In a word: How not one became none

DEBORAH SLOAN
Last updated 10:59 19/02/2013

Relevant offers

Columnists

When it comes to art, we are not all equally ignorant Art and debate are linked everywhere, not just here A consultant and a tomcat as seen by an Israeli diplomat In a word: How not one became none Academy on verge of another best picture award train wreck Herding MPs challenge when whip comes down Scratching around in the dust not a productive way to farm Real value in theatre Movie's depiction of torture raises brave, valid questions In a word: To compare the differences

OPINION: Reader Kerrianne Lindsey wrote to me not long ago with a query about the word none.

"I was thinking today about the word ‘none'. I am guessing that it comes from ‘not one'.

"If this is correct, would it be incorrect to say: ‘There are none?'

" ‘One' is always singular. However, it would sound strange to say something like: ‘There are no cats. There is none.'

"Is this just a rule which has changed with the acceptance of new words, or something that people are getting wrong?"

I loftily replied:

"Once upon a time, none took only the singular verb. Incorrect spoken English has changed that and now ‘none is' and ‘none are' are both considered correct. I'm a pedant, so I say ‘none is'. I'm not sure none, however, is a joining of ‘not one' or if it is a joining of ‘no one'. I must look it up."

Well, I did look it up. It seems that people have been using a plural verb with the word none for nearly 1000 years, according to Oxford, and it's time I got off my high horse on that count. Oxford suggests going with whatever sounds correct in the context - singular or plural.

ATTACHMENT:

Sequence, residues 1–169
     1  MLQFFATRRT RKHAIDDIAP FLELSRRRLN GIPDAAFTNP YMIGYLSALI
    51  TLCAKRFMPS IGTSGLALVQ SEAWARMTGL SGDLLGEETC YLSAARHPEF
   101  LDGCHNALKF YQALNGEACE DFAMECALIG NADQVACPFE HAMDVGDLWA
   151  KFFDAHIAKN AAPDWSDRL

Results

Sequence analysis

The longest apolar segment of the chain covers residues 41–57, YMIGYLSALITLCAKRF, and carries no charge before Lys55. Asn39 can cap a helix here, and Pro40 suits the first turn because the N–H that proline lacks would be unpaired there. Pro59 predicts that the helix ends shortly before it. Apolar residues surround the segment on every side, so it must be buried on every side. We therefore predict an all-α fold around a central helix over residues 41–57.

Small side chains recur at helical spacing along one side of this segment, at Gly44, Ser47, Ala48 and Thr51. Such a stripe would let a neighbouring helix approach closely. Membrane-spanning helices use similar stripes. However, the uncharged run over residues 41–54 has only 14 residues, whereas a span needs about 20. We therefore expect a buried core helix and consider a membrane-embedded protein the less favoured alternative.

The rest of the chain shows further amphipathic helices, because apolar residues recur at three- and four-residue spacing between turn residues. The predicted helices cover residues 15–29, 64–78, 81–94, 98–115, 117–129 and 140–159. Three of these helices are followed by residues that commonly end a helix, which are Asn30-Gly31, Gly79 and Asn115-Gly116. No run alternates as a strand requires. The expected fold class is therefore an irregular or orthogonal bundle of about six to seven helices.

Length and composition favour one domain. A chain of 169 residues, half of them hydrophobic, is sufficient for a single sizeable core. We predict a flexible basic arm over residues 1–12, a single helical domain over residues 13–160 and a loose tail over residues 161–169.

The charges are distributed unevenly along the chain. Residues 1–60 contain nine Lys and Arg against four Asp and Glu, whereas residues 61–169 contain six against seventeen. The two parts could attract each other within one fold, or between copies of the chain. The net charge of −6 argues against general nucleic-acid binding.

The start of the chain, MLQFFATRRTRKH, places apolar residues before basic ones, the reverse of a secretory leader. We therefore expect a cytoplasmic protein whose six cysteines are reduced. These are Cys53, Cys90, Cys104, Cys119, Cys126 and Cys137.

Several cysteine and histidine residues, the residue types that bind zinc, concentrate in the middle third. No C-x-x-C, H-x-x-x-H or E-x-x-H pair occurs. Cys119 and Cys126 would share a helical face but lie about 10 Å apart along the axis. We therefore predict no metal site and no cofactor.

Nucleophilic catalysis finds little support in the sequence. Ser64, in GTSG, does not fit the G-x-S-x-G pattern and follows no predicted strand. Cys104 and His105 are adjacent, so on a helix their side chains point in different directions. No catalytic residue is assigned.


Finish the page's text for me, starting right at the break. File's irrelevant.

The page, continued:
Ms Lindsey was also correct about the origin. It derives from Middle English words that meant not any one. For those who are unaware, it was once solely spoken English that forced the migration from two or more words to one. To use a slightly iffy example, the epithet bloody is thought by some to be a contraction of by our lady, a reference to Mary, the mother of Christ. Hence the slightly dodgy overtone - it was once (and still is in Muslim nations) considered blasphemous to make references to God or the Holy Family in everyday speech. But you can see how a slurring of the phrase would, over centuries, be reduced to bloody. That derivation is disputed, however. It could also come from the word bloods, a shorthand reference to aristocracy, deriving from blue bloods.

These days, the movement from two words to one is forced by written English, and generally what happens is two words become joined by a hyphen before becoming one word. In the past couple of years, we are seeing a lot of no-one. Indeed, the hyphen is preferred by the Fairfax Media subediting hub, which subs the Waikato Times. At the risk of looking like an out-of-date pedant again, I'm sticking with no one, two words - as long as Oxford does, anyway.

Got a gripe about grammar? Email Deborah Sloan at deborah.sloan@waikatotimes.co.nz.

Ad Feedback

- © Fairfax NZ News

Comments

Special offers

Featured Promotions

Sponsored Content